Everybody is green. Now what?

Friday’s announcement by the Maine Department of Education that each of the state’s 16 counties were given a green designation — meaning full in-person learning is allowed with safety precautions set by the state in place — was met with cautious optimism by high school athletic directors across the state. They now wait for the word from their superintendents, who now have the unenviable task of deciding how green is green in their schools.

If your school is open, offer extracurricular activities. Please don’t turn schools, which in the best of ways are communities, into cold buildings with one function.

Any school that opens for in-class learning without some sort of extracurricular activity offered, be it sports, band, chess club, theater club, whatever, is doing its students a disservice.

For many students, extracurricular activities are the thin tether that connects them to academics. It is their social and mental pressure release valve. They’ve already gone a full season without it.

We know. We see so many states on fire with Covid-19, so many states that appear to have thrown their hands up and hope the problem will vanish in the face of a good shrug. Maine’s not like that. Maine is one of the states that has done a good job minimizing outbreaks. Not eliminating, that’s impossible, but we’re in good shape and nobody wants to do anything to blow up five months of hard work.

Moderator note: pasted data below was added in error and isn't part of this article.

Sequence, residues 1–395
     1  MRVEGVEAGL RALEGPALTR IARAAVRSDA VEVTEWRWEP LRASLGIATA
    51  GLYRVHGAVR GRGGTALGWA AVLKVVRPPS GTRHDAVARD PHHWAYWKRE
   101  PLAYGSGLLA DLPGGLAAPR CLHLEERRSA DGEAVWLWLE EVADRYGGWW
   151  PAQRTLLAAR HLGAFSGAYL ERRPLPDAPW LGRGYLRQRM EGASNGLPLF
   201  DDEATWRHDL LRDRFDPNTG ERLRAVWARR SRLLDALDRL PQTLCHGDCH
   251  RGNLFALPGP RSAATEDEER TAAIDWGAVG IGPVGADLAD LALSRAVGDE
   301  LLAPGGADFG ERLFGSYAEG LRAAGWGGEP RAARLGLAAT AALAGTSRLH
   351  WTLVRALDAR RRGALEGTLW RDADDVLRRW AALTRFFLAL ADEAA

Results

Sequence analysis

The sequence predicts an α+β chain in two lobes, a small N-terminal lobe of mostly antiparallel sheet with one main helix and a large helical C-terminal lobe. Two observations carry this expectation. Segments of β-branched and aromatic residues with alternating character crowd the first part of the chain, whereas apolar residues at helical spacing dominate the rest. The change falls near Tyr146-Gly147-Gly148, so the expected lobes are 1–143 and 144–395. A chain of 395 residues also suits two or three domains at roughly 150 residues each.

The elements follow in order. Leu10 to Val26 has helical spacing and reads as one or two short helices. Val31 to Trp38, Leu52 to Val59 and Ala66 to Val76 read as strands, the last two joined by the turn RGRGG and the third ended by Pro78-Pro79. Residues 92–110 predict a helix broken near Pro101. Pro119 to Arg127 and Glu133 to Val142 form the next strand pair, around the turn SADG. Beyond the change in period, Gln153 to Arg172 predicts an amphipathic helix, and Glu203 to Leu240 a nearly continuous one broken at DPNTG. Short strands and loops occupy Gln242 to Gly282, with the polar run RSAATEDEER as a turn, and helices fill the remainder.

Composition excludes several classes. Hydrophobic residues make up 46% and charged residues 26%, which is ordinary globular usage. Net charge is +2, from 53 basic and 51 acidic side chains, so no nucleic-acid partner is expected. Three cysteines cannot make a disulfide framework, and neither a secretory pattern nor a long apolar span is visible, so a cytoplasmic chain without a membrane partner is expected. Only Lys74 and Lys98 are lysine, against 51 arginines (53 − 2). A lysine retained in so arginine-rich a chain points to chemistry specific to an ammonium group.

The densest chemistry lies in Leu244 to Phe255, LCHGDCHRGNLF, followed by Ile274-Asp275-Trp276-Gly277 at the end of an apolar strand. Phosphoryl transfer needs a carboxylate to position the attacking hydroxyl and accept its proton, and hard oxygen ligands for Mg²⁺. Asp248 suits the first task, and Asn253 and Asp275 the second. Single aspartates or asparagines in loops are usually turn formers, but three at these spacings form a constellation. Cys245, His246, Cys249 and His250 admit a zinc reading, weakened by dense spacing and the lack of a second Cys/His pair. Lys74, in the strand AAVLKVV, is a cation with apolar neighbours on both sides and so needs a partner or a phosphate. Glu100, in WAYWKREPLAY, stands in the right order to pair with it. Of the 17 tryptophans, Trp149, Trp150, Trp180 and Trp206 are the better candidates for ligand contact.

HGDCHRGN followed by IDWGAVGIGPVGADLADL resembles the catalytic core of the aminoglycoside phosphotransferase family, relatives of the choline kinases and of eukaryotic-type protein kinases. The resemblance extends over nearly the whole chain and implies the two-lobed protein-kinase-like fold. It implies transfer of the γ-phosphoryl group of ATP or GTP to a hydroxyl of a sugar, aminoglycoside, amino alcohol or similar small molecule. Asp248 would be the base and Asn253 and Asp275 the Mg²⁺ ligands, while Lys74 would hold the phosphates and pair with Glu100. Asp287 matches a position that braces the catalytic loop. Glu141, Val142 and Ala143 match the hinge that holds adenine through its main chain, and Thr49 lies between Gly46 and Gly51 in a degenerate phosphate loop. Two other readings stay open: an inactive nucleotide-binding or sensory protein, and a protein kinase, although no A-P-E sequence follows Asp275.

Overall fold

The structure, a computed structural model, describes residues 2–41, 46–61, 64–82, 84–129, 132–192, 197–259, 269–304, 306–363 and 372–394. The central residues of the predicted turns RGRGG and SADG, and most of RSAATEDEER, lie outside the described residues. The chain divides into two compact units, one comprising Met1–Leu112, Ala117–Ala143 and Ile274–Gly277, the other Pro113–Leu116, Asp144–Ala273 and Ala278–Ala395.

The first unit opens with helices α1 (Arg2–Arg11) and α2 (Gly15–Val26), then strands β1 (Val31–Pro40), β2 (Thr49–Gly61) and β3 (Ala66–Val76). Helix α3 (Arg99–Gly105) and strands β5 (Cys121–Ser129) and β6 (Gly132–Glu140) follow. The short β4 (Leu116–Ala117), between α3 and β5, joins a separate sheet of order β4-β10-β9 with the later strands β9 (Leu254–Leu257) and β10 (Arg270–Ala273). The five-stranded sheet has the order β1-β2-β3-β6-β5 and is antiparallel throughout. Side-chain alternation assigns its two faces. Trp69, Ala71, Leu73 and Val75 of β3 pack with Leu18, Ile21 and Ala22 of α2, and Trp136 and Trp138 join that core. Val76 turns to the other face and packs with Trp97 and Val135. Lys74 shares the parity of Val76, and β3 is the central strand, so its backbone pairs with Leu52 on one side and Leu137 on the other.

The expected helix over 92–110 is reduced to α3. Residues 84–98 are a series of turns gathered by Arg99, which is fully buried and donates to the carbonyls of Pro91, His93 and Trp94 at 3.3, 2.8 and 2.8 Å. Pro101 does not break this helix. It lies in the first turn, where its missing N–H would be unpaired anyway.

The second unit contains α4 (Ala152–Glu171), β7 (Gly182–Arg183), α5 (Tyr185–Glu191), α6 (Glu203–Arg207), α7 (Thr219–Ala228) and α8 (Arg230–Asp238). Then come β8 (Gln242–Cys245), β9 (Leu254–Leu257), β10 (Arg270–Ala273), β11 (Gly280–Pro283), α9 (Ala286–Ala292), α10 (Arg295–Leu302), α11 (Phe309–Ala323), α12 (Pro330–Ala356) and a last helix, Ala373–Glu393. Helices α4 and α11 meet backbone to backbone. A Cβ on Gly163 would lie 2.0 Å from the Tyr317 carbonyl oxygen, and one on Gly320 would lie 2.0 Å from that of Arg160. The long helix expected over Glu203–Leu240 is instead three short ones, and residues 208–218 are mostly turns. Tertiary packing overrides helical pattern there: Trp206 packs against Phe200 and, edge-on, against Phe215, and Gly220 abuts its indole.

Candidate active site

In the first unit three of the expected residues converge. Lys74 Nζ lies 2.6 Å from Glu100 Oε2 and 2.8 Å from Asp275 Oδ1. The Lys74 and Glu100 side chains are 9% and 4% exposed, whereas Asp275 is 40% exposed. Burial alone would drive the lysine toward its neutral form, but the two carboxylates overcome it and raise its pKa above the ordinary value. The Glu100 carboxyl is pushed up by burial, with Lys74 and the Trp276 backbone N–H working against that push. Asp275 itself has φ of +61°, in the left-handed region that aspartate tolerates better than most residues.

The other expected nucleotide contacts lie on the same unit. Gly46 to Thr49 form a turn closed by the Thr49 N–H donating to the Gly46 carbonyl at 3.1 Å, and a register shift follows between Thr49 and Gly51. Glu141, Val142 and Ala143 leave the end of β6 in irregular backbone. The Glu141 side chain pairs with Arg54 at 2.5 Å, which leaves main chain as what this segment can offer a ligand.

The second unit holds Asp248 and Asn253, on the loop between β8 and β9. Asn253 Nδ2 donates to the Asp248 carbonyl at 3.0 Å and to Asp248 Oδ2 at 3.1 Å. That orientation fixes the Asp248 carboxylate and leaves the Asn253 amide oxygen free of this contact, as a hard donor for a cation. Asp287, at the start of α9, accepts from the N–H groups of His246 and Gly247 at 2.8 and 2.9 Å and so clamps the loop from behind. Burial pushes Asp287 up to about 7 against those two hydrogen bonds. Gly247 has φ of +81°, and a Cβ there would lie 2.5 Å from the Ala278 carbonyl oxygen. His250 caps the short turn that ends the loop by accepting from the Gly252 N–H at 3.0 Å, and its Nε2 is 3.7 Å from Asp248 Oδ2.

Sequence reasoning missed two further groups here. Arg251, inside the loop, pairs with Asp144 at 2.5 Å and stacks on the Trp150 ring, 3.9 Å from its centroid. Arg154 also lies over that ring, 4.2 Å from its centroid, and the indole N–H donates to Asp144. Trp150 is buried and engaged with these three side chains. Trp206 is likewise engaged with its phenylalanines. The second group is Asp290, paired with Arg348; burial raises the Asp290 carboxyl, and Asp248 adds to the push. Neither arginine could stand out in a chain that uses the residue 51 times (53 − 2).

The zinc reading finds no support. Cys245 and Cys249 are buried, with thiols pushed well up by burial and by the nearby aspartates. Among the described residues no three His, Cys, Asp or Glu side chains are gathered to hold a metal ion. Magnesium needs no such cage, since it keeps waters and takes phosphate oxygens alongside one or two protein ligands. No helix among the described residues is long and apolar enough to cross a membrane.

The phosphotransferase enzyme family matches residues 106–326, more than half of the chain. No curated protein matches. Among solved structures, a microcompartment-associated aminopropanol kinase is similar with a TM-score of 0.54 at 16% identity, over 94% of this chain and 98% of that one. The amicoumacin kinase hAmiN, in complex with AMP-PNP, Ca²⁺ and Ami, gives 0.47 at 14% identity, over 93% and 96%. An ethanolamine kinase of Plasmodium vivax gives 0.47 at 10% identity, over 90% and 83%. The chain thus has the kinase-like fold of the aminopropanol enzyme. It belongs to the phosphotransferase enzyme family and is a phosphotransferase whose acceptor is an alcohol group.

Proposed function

High school sports will not look like it has in the past. It can’t. We seem to be making a lot of this up as we go, and that’s OK. We’ve never had to do this before. There is no reason to follow the same rule book when the old rules do not apply. If somebody says to you a decision was made because that’s the way it’s always been done, that’s a person with no ideas.

Not comfortable with interscholastic activities? Form intramural clubs. What works at one school might not work at another. Whatever is offered, we must be prepared for it to stop at a moment’s notice. Have a plan, and be prepared to change it.

It’s encouraging we haven’t heard of outbreaks in youth sports leagues that have played this summer, or in any of the high school team activities underway. We know, past performance is not an indicator for the future, but it’s a sign people are taking this seriously and following guidelines. If you want fall, or even winter, sports, this has to continue.

The Maine Principals’ Association have already done the right thing by limiting the number of games fall sports teams will play. Athletic directors in the Kennebec Valley Athletic Conference have discussed working with schools in other conferences to tighten regional schedules.

Now it’s up to the superintendents, who need to study the science, and talk to medical experts in their communities, and make a decision that could need to be rescinded in weeks or days if there’s an outbreak.

Everybody is green? Now what? Now we take a deep breath, and a tentative step forward.


Travis Lazarczyk — 861-9242

[email protected]

Twitter: @TLazarczykMTM

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